Knossos Palace (1700-1400 BC)

Knossos Palace was a major Cretan Bronze Age settlement and one of the first western Palaces in history. This huge building left us with different architectural styles, diverse findings and hints about the Minoan society.

Knossos Palace

Image source: https://search.creativecommons.org/photos/6cab603e-1d60-45bf-9a95-da753fe60807

The architectural style(s):

What is still visible of the palace today is actually a mixed accumulation of features that have been added over time. Naturally, the latest periods left most of what our eyes can enjoy today and unfortunately what we can see now is not truly reminiscent of the original Minoan building. The reconstructions are based on an archeological evidence that helped experimental archeologists in making the today’s facsimile.


The north entrance at the ruins of the Minoan Knossos Palace

Image source: https://search.creativecommons.org/photos/453df24b-0dda-4b44-b24b-c9943965f7a9

Purpose of the complex:

The term “complex” is definitely more accurate than “palace” as the whole place contained different areas that served all kinds of purposes. It is archeologically obvious that the building was never the residence of a monarch. It wasn’t even intended as an acropolis-like area as the hill was never an acropolis in the Greek meaning of it as it wasn’t walled and in not very high ground. One of the reasons supporting the non-acropolis purpose of the area is that the Minoans were hardly a warlike population, concentrating on agriculture and sea trade instead. The palaces operated like local governmental, commercial, religious, and perhaps political hubs.

A reconstruction of the complex. The name Knossos survives from ancient Greek references to the major city of Crete.

Image source: http://www2.edu.lascuola.it/edizioni-digitali/GuidaStudioStoria/solo-online/vol1/immagini/15-cnosso/index.html#/

The frescoes:

The first frescoes in Crete were kind of limited: monochromatic walls painted in either red or black, done with natural pigments. As we said earlier, the most probable nature of the Minoan people was commercial: this clearly is a link to cultures of the Eastern Mediterranean Sea such as the Egyptian and Near Eastern ones. The advent of monumental structures and frescoes used in floors, beams and walls have a high chance to be coming from that cultural exchange.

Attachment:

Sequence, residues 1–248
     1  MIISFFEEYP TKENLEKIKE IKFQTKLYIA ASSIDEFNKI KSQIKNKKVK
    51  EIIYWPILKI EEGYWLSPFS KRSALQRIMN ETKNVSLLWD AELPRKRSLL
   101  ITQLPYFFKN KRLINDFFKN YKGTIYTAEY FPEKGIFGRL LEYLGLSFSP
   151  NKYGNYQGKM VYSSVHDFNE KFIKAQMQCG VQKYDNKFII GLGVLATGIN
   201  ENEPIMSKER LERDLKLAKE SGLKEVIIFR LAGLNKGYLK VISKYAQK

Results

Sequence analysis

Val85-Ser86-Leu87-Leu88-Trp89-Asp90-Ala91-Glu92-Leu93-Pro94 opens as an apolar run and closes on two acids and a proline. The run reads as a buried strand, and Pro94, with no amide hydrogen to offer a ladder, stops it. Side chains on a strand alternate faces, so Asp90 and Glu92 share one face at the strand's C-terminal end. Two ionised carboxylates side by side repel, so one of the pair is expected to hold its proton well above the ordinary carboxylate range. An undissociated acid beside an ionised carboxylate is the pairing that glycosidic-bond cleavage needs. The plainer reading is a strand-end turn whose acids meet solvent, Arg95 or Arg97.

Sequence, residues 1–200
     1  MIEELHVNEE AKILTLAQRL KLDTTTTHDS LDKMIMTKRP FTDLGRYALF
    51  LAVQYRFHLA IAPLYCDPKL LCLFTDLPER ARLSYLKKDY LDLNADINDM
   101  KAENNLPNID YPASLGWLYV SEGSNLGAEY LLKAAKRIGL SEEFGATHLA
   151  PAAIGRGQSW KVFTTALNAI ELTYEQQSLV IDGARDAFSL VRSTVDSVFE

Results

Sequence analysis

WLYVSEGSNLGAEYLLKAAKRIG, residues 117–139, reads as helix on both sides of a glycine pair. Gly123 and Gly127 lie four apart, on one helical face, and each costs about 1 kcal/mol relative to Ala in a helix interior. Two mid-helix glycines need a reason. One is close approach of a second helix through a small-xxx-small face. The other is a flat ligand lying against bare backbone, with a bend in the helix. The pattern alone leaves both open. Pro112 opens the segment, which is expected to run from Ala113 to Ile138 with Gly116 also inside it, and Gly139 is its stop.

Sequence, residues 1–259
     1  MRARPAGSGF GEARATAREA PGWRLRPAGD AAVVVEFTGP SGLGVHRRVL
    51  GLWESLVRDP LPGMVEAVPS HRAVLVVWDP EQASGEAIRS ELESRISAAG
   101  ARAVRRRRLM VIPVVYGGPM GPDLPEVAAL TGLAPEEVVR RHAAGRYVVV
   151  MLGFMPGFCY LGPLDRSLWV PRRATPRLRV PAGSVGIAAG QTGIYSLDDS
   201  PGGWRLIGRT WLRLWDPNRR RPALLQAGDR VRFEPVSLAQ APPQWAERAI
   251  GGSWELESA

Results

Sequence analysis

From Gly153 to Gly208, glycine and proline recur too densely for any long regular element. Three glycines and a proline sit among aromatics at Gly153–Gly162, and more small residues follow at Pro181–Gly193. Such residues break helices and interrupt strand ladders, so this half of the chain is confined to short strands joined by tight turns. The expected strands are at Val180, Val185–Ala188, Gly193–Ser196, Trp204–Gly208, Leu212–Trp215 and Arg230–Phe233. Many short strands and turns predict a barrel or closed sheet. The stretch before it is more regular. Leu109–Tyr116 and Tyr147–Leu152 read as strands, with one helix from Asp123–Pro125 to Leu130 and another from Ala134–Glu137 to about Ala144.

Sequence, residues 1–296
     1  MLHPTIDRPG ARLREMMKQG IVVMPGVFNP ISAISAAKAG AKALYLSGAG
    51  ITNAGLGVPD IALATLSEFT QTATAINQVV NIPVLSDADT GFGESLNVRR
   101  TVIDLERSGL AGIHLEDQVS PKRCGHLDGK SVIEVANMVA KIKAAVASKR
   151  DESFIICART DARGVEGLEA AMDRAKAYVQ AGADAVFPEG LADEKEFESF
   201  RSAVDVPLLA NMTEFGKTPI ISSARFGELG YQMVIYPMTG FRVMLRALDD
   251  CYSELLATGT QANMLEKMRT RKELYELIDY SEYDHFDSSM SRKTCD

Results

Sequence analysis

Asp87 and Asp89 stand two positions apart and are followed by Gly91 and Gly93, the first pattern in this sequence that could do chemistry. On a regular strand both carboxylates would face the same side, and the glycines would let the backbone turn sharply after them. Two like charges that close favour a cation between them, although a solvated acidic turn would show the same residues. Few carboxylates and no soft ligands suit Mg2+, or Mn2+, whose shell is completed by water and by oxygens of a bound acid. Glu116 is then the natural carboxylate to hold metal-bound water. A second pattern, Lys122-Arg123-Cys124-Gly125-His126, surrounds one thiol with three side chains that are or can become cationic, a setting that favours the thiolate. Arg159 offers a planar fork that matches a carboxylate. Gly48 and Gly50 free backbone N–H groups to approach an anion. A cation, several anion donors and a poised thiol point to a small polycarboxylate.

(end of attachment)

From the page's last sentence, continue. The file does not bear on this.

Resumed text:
The first representations depict abstract shapes and more or less complex geometric designs; later on, subjects will be various (animals, objects, people) and of all kinds of dimension.

The Queen’s suite at the ruins of the Minoan Knossos Palace

Image source: https://search.creativecommons.org/photos/2ef766ff-89ab-4b41-a81b-2a0656ccecd3

The Minoan Society:

Established the Minoans were mainly a non-military based civilization and a very ancient one with few archaeological intact proofs, outlining and knowing this society is a pretty hard task. These complexes were few as they were pretty elitist and big buildings and had diverse purposes. Thanks to the findings, the frescoes, the pottery, the jewelry and the remaining architectures we got to know some of their uses and costumes and society features. We understand that the Minoan people was confidently more complex than we imagine with all the characteristics that distinguished most ancient societies: a strong religious aspect into people’s lives, a strong central power and an agriculture-trading based economy.

Bull-leaping Fresco, Knossos, Heraklion Archaeological Museum, Crete

Image source: https://www.flickr.com/photos/garrettziegler/26529276230/in/photostream/

Info source:

https://www.ancient.eu/Minoan_Civilization/

https://en.wikipedia.org/wiki/Knossos

https://www.ancient.eu/article/390/minoan-frescoes/

 https://www.britannica.com/topic/Minoan

Leave a Reply